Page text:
In the early 1980s, Jobs recruited people by dramatically unvailing the MacIntosh, and seeing how interviewees responded to the designs. He even unplugged an engineers computer named Andy Hurtsfeld (while he was coding), and forced him over to Macintosh from the Apple II team because Jobs recognized Hurtsfeld’s A Player status. You need to build your company with a collaborative hiring process where a candidate tours around the company meeting everyone that is relevant for hiring that candidate. Why? Because Jobs may not have always had A player ideas. For example, he wanted to call the MacIntosh the ‘bicyle’ because like an actual bike, the MacIntosh would help the human achieve objectives that were not possible on their own. The idea of the Apple Bicycle was shot down by wiser marketing minds. A Players hold you in check.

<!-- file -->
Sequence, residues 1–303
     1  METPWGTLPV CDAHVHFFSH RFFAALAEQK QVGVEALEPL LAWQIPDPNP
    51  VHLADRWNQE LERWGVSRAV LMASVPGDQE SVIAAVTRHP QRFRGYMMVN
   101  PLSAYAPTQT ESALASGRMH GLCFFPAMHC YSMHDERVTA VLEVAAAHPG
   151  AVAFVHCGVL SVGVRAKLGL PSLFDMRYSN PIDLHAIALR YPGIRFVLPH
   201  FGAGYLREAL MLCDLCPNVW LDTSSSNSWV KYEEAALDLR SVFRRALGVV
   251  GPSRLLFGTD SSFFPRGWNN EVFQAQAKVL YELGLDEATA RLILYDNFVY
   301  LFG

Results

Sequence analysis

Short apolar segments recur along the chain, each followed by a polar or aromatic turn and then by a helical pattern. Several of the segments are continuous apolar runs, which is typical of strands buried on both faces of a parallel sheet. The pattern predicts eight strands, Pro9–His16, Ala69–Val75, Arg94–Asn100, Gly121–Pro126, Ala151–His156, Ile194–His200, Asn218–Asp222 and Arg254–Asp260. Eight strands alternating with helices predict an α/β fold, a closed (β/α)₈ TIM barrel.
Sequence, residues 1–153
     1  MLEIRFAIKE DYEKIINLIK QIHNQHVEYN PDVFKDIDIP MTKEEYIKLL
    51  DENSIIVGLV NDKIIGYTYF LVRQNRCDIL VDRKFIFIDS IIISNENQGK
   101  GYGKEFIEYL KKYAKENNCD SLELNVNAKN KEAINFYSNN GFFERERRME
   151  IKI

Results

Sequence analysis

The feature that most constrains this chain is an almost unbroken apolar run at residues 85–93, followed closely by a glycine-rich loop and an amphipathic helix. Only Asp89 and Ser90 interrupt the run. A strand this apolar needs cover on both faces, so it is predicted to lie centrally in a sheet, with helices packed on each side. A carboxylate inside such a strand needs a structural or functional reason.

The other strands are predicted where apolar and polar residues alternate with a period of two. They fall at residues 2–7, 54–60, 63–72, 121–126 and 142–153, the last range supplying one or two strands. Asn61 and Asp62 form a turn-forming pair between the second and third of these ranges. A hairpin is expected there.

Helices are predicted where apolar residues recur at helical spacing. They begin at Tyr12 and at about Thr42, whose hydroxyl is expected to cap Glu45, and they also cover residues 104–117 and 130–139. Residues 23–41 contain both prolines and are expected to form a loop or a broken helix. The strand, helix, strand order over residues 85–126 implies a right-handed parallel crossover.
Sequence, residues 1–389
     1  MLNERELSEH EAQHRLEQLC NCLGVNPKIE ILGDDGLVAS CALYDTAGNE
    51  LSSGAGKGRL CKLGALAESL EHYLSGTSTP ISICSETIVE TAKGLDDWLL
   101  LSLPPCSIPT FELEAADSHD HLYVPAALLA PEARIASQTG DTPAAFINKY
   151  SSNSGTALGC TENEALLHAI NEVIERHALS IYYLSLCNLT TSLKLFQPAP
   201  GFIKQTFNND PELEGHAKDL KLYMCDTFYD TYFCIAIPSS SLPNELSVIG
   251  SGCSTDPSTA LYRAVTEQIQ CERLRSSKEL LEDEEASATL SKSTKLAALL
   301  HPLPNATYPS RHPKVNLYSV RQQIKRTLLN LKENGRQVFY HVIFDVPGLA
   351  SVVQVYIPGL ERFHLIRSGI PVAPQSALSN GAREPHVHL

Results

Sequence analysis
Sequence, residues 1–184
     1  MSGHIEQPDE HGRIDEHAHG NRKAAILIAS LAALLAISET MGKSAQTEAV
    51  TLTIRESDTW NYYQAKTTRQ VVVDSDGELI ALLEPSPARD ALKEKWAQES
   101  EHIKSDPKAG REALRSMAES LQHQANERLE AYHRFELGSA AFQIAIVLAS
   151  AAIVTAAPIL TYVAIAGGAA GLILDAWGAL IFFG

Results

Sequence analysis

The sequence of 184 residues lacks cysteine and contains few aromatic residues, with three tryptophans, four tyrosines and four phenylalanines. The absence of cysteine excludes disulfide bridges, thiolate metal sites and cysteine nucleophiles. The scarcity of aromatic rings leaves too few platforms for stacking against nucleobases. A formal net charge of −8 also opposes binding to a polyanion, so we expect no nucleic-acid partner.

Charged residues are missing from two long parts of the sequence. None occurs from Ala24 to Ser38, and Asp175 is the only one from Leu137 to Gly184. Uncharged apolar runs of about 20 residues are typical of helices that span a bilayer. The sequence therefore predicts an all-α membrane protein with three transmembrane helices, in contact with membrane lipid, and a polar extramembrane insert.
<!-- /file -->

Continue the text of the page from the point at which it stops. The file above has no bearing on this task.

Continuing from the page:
When Wozniak crashed his airplane in February 1981, he left Apple Computer. After the launch of MacIntosh in 1984, Scully merged the MacIntosh and Lisa teams with Jobs as their head. Jobs told the Lisa team that he was firing 25% of their team because they were B and C players. The management of the MacIntosh team would all gain top positions in the amalgamation. It was unfair, but Jobs latched on to a key management experience, that you had to be ruthless to produce an A Player lineup.
For Jobs, if you hire a B player you will cause of Bozo explosion. B players always want to hire people who are inferior to them. C players hire D players. So keep the best people in your team, and make sure that you keep the right people in your organisation. He believed that if you let any B players into your organization, they would attract other B players as well. A players love to work with other A players, by definition, they want to grow and be the best. That is what makes A Players valuable.